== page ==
Get all the attention — not the Important.
Now, today, rebuild the Temple of the Lord,
Ensure the Important is what gets explored.
The Important is the obeying of God’s holy vision,
To get way beyond the enemy’s division,
“Be strong... be strong... Do not be afraid,”
Don’t let apathy or fear be the things that are obeyed!
It is too easy to run from real work; the ardour of tenacity, courage, and valour. We all want a comfortable life, but we often don’t realise that the most comfortable life is afforded as a reward for having dealt with the uncomfortable things. There’s an enigma in such a paradox.
Work is what it is. Doing it properly requires diligence, patience, faithfulness, attention to detail, strength, and courage. And relationships are work. Actually, most work is in the maintaining of relationships and in the addressing of crises.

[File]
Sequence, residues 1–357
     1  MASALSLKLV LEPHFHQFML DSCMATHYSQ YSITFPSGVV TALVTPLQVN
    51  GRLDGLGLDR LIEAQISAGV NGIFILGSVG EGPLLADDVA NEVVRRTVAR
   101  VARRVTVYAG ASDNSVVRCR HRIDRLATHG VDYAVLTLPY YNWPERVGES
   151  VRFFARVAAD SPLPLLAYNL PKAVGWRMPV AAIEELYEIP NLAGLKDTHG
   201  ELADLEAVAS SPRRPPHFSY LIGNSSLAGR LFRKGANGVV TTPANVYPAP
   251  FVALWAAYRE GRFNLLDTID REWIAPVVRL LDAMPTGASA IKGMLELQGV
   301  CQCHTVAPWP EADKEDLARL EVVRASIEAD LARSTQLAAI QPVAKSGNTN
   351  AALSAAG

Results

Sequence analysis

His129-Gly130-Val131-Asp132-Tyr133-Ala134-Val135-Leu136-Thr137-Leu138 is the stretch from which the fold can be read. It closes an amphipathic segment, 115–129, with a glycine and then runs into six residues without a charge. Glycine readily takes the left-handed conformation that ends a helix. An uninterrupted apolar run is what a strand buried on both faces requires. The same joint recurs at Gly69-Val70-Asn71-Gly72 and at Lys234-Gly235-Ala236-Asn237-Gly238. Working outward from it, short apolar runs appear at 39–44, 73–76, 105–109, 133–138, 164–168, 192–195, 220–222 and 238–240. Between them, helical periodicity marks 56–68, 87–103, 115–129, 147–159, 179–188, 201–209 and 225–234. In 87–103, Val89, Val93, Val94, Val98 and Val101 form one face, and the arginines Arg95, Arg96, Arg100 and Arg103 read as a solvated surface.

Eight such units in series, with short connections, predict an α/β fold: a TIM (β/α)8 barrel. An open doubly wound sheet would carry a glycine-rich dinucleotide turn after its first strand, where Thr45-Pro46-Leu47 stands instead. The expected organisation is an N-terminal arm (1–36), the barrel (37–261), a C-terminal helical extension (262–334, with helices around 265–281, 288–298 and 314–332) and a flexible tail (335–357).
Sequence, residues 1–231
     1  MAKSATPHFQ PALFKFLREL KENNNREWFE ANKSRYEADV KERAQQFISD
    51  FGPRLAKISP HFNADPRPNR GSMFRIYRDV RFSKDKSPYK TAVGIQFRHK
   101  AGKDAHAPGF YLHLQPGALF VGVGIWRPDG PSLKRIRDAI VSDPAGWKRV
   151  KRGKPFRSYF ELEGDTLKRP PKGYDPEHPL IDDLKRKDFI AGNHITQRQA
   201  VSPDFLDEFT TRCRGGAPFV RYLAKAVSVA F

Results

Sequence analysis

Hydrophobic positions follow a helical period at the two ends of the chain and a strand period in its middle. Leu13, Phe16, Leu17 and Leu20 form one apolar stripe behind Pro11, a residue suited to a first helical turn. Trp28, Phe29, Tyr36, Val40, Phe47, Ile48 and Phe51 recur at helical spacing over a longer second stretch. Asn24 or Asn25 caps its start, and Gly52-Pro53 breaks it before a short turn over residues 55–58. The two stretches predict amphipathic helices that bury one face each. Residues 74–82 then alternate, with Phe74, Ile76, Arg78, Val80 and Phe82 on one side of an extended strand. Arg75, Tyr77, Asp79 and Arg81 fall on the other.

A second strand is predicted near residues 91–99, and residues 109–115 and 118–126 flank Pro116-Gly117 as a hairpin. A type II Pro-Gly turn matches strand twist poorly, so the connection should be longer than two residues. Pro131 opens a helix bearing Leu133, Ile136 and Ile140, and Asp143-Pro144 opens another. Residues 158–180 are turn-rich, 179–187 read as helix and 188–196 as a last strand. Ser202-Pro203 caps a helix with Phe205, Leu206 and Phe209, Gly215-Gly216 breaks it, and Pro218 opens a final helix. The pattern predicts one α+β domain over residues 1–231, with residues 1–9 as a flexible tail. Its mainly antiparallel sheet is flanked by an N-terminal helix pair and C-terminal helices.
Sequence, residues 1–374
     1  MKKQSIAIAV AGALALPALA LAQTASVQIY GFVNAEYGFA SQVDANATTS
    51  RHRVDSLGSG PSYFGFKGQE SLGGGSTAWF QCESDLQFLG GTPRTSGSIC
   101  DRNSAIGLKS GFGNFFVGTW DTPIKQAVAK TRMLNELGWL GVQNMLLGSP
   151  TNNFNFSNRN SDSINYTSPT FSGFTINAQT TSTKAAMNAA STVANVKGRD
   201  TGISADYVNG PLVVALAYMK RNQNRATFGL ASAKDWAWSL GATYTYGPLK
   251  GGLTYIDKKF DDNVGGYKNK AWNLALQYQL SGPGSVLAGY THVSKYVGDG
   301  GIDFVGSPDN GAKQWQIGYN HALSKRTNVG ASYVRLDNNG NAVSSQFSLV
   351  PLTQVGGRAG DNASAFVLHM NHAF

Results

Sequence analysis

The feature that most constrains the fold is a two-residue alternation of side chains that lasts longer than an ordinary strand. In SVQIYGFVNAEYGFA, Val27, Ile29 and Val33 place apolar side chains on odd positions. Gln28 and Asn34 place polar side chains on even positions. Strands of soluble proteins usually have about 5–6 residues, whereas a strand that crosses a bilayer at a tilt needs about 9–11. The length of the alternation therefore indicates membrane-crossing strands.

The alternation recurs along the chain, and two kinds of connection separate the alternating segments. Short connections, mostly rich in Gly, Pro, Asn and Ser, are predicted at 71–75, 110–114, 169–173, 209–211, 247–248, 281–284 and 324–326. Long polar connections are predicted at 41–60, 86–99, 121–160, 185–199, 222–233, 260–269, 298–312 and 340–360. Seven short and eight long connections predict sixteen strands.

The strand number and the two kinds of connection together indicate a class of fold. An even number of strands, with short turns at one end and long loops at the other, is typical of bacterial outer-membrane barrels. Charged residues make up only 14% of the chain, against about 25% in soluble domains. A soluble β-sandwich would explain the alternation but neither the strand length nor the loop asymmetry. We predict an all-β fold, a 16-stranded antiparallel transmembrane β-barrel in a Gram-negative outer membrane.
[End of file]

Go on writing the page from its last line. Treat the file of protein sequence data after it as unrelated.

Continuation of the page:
Given that we all have some annoying traits of unfinished business, and much of what we have in common are relational conflicts and emotional baggage, the message is clear: Be strong... do not be afraid... of doing what is so different. If it’s patience we lack, we ask God. If we need self-control, we know who to ask. If it’s courage we are low on, we seek God through prayer and then we do it.
Persistence pays. Persevering through a dire task or faithfully sticking to a difficult process relationally reaps worthy rewards.
When we have difficult and arduous work to do, we ought to remind ourselves that we have God’s very Presence; his unfailing love. The Lord sustains us when we are ready to quit.
© 2014 S. J. Wickham.

Sweet Rule of God or Bitter Tyranny of Self?

The eternal law of righteousness ordains that he who will not submit to God’s sweet rule shall suffer the bitter tyranny of self. But he who wears the easy yoke and light burden of love (Matt. 11:30) will escape the intolerable weight of his own self-will.